A study of extracellular and intracellular tissue transglutaminase activity.
Tissue-type transglutaminase (tTG) is the most ubiquitously distributed of its
enzyme family, displaying a wide range of substrates. It is a multifunctional enzyme
which acts as a GTP binding protein, a stabilizer of extracellular matrix proteins, and
as an effector enzyme in the apoptotic cell death pathway. Recent evidence to suggest
that tTG is inactive within the healthy cell has raised questions as to the exact
conditions necessary for intracellular and extracellular activity of the enzyme.
To investigate the role of tTG in extracellular and intracellular processes, three
model cell lines displaying various levels of intracellular tTG via sense and antisense
transfection with the human cDNA for tTG were examined for the effects of altered
intracellular tTG levels on cell morphology. The two fibroblast cell lines examined
(Met B and Swiss 3T3) did not display any alterations in cell morphology with vastly
increased intracellular tTG. The endothelial cell line ECV304 however, showed a
reduction in cell spreading with reduced intracellular tTG, concommitant with
collapse of the microtubule network, an effect duplicated by inactivation of
extracellular tTG using a monoclonal antibody (CUB7402) to neutralize its activity.
Reduced cell spreading was accompanied by the loss of polymerization of
extracellular fibronectin and the loss of incorporation of a biotinylated tTG substrate
into high molecular weight extracellular matrix material.
Using a specially adapted in-vitro technique (the FN-cell ELSA), cell surfacerelated
tTG activity was found to be reduced in tTG antisense clones of ECV304
cells, and increased in tTG sense clones of Swiss 3T3 cells. This activity could also
be neutralized by pre-incubating cells with the anti-tTG monoclonal antibody
CUB7402. This assay also revealed that the majority of extracellular tTG activity
detected using standard techniques was present due to leakage resulting from cell
manipulation such as trypsinization from culture surfaces and mechanical shear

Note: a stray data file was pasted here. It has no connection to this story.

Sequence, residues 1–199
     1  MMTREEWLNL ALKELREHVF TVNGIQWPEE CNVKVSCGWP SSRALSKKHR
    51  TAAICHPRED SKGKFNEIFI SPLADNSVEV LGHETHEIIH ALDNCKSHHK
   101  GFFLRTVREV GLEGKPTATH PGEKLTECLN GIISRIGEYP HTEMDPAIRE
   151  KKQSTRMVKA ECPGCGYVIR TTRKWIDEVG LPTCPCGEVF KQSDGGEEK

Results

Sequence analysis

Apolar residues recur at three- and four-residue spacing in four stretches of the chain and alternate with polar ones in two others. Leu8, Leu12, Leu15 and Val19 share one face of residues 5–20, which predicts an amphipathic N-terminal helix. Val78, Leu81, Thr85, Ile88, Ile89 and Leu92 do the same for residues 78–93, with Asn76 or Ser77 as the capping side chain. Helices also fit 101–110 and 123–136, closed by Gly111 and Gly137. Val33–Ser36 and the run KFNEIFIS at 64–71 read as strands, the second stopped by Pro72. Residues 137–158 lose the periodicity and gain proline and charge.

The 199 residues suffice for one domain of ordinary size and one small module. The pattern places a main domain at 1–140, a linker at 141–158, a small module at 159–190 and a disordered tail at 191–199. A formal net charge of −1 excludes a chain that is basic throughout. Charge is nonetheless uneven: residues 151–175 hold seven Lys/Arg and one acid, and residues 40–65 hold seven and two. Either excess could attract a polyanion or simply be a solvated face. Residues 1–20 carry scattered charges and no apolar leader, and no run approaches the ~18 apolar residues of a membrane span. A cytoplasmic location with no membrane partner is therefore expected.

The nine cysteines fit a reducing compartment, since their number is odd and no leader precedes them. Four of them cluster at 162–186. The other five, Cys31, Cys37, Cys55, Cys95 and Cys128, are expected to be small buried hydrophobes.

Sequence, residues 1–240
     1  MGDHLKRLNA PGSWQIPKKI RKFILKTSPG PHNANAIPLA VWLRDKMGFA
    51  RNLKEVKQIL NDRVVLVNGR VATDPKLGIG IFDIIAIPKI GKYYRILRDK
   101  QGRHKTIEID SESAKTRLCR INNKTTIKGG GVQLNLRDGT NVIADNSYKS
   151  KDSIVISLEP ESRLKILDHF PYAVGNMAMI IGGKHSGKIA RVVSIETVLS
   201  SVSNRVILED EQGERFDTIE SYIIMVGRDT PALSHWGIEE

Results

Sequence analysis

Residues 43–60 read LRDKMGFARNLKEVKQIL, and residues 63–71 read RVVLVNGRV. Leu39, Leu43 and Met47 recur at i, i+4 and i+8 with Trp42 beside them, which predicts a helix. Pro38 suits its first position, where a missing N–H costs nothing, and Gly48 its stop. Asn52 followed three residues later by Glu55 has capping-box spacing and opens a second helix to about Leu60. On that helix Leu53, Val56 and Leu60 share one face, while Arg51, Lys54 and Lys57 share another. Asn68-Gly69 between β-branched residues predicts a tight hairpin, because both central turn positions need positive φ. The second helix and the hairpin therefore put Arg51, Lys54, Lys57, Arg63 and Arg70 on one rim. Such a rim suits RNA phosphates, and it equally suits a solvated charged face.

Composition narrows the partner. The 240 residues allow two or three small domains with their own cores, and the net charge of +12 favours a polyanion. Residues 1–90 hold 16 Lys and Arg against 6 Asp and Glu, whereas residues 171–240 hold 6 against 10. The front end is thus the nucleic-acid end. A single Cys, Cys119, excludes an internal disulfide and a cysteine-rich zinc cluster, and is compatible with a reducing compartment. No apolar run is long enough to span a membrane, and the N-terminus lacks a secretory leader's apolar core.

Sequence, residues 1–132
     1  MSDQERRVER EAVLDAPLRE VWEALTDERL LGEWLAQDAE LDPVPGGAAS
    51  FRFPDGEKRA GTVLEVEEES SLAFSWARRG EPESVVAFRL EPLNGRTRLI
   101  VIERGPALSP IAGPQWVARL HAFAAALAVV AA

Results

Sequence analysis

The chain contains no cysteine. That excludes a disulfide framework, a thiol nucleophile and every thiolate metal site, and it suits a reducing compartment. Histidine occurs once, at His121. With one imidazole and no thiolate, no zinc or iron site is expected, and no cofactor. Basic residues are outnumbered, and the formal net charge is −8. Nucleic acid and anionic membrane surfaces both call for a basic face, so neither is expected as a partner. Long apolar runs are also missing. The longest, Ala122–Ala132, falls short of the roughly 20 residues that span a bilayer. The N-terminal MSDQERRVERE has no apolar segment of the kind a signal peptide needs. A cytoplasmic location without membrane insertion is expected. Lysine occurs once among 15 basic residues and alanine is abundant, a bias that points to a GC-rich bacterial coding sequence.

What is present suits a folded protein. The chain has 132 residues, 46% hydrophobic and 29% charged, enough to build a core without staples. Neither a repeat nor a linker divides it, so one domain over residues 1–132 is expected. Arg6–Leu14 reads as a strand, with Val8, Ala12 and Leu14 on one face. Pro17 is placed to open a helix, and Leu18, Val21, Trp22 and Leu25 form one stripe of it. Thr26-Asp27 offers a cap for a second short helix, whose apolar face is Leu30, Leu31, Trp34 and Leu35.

forces, or activation of the pre-existing matrix-bound enzyme through trypsin
treatment, however a portion of the extracellular activity was attributable to the slow
externalisation of the enzyme from the intact cell.
An examination of intracellular tTG crosslinking events was made using an
electropermeabilization metod, where it was observed that tTG became activated t
form SDS-insoluble "shells" in the presence of high intracellular Ca2+ These shells
contained cytoskeletal elements and probably also some trapped genomic DNA,
implying a function for these shells as cell-sized "scars" preventing loss of cell
contents upon mechanical rupture of the cells.
A similar tTG activation was observed to occur in mechanically injured cells
in-vitro and in-vivo, this time involving a re-distribution of tTG activity to the
extracellular matrix from the intracellular compartment.
During fibrosis of rat kidneys induced by subtotal nephrectomy (Snx), tTG
and s(y-glutamyl)lysine were observed by immunofluorescence microscopy to be
increased in renal tubule cells. With increasing tissue damage, c(Y-glutamyl)lysine
was also observed in the extracellular renal interstitial space, suggesting a role for tTG
in the stabilization of extracellular matrix following tissue damage. The release of
tTG into the extracellular space may be due to a lack of sufficient clearance of
apoptotic bodies resulting in secondary necrosis and subsequent release of the